I tend to use small brads/staples to line up and hold the joints in place, and they work fine. It doesn't take much to prevent things from slipping around.

You can make an angled router setup (basically a wedge for your router to ride on) to do your scarf joint, but frankly, with a sharp handsaw, a sharpened plane or two, and a bit of practice, making a nice, tight joint isn't difficult. Add the fact that freshly planed surfaces make for the best gluing and you've got a winner.

Seriously, do yourself a favour and get a plane or two. Start with a block plane, then a jack, and learn to sharpen them up well. Particularly the block plane is an invaluable part of any woodworking project, IMO.

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I also use a scarf joint. Contrary to the belief that this method was developed in a mass production setting to save wood (acutally wood is still cheaper than time in the States) this joint has been in use for centuries because it produces a stronger headstock joint. Most classical builders still use this method. It just happens to be a more efficient use of wood as well. It wasn't until the age of bandsaws and volume discounts that one-piece necks came into popularity. They are much easier and cheaper to produce especially with CNCs. Now that wood is getting more expensive one-piece necks also have the illusion of being higher quality simply because they use more wood and cost more to make from a materials standpoint.

My necks all use a scarf joint. Sometimes I add ears, sometimes I don't. It depends on the size of the wood I have on hand. The way I do mine is to not interrupt the the wood underneath the fingerboard and add the piece under the headstock instead. I make the cut with a japanese saw and plane the faces with a hand plane. It takes me about 10 minutes to get one ready to glue. For gluing I clamp the pieces firmly onto the bench and use clamping cauls. Here is how that works.. If you want to keep everything from moving try toothpicks instead of nails, dowels, or staples. They work great for a lot of things.

~David

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Pro Tip - use a nail, or three, strategically placed where the truss rod slot will later but routed, or in the sections of neck which will later be cut away. Dont go too deep though (in the truss rod area)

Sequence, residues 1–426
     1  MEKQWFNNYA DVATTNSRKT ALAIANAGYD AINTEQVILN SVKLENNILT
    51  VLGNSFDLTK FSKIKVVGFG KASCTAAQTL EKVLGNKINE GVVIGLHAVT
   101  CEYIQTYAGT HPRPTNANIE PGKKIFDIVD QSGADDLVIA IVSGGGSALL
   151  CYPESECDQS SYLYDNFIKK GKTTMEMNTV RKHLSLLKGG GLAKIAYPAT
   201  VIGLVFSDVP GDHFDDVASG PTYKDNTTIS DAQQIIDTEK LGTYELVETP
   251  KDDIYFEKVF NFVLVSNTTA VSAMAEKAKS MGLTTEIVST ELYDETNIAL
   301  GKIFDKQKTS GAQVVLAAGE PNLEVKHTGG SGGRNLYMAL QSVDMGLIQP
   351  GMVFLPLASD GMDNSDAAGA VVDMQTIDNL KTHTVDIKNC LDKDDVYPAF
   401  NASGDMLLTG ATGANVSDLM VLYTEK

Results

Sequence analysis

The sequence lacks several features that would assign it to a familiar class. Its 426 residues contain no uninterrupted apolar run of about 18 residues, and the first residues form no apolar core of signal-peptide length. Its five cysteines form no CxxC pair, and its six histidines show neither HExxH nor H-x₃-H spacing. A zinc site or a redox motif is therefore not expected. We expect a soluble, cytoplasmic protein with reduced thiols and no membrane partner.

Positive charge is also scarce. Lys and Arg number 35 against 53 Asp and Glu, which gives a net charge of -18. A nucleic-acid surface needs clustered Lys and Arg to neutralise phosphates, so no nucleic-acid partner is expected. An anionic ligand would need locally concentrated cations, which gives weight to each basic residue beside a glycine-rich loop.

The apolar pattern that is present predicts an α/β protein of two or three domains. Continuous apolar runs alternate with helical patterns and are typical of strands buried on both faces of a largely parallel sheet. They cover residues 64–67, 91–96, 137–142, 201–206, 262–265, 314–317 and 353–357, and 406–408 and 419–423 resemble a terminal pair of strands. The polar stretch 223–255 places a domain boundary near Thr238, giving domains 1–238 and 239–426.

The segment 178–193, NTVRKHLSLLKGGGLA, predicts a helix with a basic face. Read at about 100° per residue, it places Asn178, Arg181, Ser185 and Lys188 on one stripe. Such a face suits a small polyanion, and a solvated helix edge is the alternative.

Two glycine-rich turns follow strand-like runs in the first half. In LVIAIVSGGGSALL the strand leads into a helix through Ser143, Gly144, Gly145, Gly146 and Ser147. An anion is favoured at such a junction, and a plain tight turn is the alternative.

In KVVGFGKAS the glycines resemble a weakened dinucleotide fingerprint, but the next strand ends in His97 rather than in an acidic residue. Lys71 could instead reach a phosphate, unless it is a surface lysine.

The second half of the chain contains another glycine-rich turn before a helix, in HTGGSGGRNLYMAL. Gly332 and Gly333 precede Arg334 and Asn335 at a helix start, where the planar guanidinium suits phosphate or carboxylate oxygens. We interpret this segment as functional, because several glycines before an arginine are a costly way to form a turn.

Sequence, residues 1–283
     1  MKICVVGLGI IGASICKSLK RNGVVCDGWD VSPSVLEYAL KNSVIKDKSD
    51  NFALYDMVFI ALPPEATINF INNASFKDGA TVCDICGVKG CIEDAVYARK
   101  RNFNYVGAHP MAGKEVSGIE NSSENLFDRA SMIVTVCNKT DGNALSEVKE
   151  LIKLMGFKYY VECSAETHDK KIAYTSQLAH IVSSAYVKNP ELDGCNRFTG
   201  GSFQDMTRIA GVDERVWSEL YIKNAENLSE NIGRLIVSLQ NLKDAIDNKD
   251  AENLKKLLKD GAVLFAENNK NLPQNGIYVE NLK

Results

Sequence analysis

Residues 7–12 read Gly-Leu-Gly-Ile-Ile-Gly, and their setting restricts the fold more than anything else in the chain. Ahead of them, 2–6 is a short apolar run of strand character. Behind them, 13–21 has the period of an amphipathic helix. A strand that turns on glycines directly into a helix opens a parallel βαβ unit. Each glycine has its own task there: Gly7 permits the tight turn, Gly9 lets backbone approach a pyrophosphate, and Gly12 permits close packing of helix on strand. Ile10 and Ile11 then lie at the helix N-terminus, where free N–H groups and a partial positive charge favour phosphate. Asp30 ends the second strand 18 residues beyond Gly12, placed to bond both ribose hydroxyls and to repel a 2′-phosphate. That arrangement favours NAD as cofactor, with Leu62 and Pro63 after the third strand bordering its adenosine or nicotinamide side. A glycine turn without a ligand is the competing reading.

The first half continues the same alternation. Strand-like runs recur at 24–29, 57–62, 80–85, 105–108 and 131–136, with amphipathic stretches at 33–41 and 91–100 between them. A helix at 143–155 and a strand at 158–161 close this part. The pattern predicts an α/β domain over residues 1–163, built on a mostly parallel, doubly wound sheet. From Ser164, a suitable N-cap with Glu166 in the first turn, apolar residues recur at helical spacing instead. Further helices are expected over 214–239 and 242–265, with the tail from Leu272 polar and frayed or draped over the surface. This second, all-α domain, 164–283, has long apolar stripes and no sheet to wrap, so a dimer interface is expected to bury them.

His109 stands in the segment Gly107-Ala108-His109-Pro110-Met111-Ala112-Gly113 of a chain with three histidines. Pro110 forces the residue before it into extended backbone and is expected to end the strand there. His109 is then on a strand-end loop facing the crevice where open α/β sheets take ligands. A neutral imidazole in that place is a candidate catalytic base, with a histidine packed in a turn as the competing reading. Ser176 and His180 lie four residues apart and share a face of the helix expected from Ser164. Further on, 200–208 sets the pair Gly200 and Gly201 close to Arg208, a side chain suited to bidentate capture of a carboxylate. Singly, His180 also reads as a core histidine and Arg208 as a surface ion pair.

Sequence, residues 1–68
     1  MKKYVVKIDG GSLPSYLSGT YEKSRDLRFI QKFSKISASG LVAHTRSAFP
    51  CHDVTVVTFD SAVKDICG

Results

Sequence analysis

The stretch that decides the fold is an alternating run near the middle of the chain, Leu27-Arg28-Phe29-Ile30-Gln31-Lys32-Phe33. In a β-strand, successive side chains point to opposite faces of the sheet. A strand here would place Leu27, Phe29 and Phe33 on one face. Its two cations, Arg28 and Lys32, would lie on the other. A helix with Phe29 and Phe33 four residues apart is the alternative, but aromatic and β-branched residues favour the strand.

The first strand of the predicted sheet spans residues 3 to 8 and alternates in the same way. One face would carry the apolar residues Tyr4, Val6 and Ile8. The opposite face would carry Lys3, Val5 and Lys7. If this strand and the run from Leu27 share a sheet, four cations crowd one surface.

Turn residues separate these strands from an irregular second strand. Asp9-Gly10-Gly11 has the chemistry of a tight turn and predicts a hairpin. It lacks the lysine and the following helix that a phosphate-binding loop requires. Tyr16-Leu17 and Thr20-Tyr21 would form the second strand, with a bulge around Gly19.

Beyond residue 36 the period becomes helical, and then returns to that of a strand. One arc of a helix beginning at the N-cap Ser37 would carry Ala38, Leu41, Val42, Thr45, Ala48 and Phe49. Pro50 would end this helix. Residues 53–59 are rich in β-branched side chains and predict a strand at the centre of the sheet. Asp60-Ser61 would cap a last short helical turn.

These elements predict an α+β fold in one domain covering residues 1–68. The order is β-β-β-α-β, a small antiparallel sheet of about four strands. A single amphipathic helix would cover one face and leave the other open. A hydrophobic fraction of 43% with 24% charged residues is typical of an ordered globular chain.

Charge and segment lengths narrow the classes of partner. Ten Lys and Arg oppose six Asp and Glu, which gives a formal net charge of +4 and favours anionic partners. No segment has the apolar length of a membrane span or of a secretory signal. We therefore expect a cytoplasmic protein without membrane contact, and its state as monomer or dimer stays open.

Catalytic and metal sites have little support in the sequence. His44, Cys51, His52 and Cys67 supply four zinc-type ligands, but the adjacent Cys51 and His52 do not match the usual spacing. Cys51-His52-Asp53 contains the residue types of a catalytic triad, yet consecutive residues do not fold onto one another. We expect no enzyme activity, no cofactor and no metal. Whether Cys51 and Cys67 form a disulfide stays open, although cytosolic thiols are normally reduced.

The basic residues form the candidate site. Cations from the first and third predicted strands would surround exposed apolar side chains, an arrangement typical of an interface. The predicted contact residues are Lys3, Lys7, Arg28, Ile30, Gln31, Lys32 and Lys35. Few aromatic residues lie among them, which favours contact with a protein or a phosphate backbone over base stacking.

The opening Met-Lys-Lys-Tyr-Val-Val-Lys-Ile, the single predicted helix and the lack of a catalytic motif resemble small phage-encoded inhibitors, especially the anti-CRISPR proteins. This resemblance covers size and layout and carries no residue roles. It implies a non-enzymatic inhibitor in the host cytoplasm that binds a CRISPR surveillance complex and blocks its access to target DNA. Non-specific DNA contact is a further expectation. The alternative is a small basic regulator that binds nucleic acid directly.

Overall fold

Hey! I was using a pro technique and didn't even know it!

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Thanks guys for that info, Myka I always admire your work and how well you design ways to accomplish certain tasks with efficiency, if your jigs and ideas are built properly even a begginer can do an almost perfect job. All the tutorials, jigs, and table setups are a huge help to me and I'm sure many, many others.

I am currently building your neck pocket router table, I still have a little more to do, but I was just curious if you had any more improvements on it yet, I know you are constantly redesigning your ideas and I was just curious. I am thinking of using some plexi/acrylic and I was wondering your thoughts on thickness. I am using a plunge router that has a plunge that goes just a hair under 3". So anyways thanks for all your help and info it is a tremendous help for someone as myself that wants and needs all the info and advice people have to offer.

Thanks everyone for posting your thoughts and ideas on the scarf joint, I should have enough wood left over from my headstock angled laminate, that I should be able to do a scarf joint as well as the angled one. I would like to do both that way I can get a feel for what I like personally. It seems that most people that have built a lot of necks prefer the scarf joint, but I as a hobbiest I am not to worried about the waste of wood, which I will end up using anyways for other things. But also I want to have a neck that is going to last, so if I feel that I can do just an angle and not have it too brittle that will be what I do, but if not I will be doing scarfs. Thanks again for the help! I will post how it goes when I finish the neck! Jason